1905 hunting mauser in 8X60 mag?? rare?

Discussion in 'The Ask the Pros & What's It Worth? Forum' started by schmalts, Feb 21, 2007.

  1. schmalts

    schmalts New Member

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    What is this gun worth?? What can you tell me about it? I am trying to find out the value for my uncle who got it when his dad died.
    Some stange things. The reciever says 1905 but i read that the 8mmX60 was a post WW1 thing. Rechambered? maybe, but when i took off the stock i still found proof marks on the barrel that resemble DWM markings that would match the reciever stamps. All matching numbers, even on the action screws.
    The floor plate is interesting because with the Oak leaves are very much a German thing that you see on swords and daggers, but the animal looks like a pronghorn lope and that is only a USA native critter.
    Double set triggers like a Mannlicher too. Stock is a real nice piece with a real nice checkered metal buttstock. Bore is unfortunatly not without some pitting from corrosive ammo is my guess.
    So, you experts take a look at the photos of the proofs, and tell me what it is and what it is worth?? I have seen that most hunting mausers were well over the $1500 range.
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  2. The Rifleman

    The Rifleman Former Guest

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    I had a neighbor they called YUNK.

    Yunk was a old WW I veteran and he had a weapon like that.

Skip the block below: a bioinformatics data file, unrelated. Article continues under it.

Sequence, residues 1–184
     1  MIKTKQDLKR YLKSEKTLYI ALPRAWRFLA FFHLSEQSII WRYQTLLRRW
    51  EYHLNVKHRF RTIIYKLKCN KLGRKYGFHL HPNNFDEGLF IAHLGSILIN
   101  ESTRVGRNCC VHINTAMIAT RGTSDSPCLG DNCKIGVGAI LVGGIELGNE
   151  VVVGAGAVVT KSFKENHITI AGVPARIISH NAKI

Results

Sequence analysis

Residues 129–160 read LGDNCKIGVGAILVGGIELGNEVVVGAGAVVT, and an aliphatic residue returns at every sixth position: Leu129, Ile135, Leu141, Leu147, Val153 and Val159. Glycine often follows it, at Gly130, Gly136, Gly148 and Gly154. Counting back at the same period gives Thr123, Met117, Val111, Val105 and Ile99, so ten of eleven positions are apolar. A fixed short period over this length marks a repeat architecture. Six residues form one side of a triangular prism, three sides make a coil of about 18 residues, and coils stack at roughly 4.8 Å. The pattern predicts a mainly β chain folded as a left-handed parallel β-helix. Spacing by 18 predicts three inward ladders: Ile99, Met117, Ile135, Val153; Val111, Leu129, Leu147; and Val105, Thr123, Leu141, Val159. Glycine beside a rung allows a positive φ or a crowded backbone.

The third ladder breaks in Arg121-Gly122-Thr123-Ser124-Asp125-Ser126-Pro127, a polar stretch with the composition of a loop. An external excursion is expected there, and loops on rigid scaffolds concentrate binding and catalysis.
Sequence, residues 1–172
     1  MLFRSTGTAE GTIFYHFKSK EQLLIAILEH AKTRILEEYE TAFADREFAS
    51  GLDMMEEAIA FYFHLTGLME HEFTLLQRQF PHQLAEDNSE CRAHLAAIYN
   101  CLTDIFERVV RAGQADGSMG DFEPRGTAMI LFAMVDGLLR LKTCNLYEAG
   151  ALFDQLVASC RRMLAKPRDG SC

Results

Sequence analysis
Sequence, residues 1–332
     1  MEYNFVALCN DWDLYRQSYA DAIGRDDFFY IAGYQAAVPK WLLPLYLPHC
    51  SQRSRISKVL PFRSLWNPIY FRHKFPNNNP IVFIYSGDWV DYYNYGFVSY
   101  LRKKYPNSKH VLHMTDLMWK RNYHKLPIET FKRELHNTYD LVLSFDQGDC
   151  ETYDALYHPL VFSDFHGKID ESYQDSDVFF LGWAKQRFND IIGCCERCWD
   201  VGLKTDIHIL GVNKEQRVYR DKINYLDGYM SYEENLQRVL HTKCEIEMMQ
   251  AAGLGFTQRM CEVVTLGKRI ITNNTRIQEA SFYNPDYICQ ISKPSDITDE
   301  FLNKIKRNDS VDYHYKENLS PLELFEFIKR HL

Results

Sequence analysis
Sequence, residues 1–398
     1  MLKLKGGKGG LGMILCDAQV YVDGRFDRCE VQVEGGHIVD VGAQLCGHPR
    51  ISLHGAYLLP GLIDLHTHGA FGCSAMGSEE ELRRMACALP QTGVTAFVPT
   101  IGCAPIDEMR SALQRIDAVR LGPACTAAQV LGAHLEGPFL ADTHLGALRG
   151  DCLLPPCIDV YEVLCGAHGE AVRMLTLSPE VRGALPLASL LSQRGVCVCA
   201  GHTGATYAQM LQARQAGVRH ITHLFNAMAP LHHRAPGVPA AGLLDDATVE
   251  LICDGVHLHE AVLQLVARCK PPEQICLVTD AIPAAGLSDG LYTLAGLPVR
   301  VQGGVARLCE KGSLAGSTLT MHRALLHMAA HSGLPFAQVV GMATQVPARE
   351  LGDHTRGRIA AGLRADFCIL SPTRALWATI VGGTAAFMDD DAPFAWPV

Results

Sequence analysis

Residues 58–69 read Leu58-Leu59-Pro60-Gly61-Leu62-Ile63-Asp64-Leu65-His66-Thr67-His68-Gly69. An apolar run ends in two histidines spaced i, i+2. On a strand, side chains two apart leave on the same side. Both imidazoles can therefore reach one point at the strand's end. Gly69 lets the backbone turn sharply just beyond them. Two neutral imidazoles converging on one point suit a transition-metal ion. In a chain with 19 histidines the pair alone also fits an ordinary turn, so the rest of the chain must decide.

He called it his 8mm. He said it like as if it was all one word.

    What you have there is probably a WW I army rifle that someone brought home or bought for next to nothing and then spent lot's of time and money to convert to a hunting rifle.

    As far as a hunting rifle goes, it was a ok gun.

    But nobody ever collected them.

    Probably $100 - $1000 depending on who is buying and who is selling. The ammo might be hard to come by if it is a ba$tard round.

    That gun is in pretty awesome shape.

    Did you by any chance get any ammo to go along with the gun?

    Basically it is a Mauser - read the article below.
    http://en.wikipedia.org/wiki/Mauser

    8mm x 60 Guedes C 0.326 2.35 0.622 0.353 - 0.542 3.23 - -
    8mm x 60R Daudeteau C 0.323 2.355 0.627 0.347 - 0.533 - - 1898
    8mm x 60R Kropatschek C 0.331 2.335 0.618 0.349 - 0.541 - - 1885

    8mm x 60R Rubin C 0.323 2.391 0.558 0.359 - 0.513 - - -
    8mm x 60S Magnum C 0.323 2.34 0.468 0.350 0.431 0.470 3.11 .217/5603 1918
    8mm x 60RS & R Magnum A 0.323 2.36 0.524 0.345 0.432 0.466 3.20 -

    As you can see there are several different chamberings for that designation and you would have to mic the ammo to make sure you got the right ones.

    http://members.shaw.ca/cstein0/metric.htm
    Last edited: Feb 21, 2007
  3. 22WRF

    22WRF Well-Known Member

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    What you have is a GEW 98 the somone put a lot of money that will never be gotten back.

    If it were mine I would rebarrel it to a modern cal. This will not hurt the value and probably increase it. (Just my humble opinion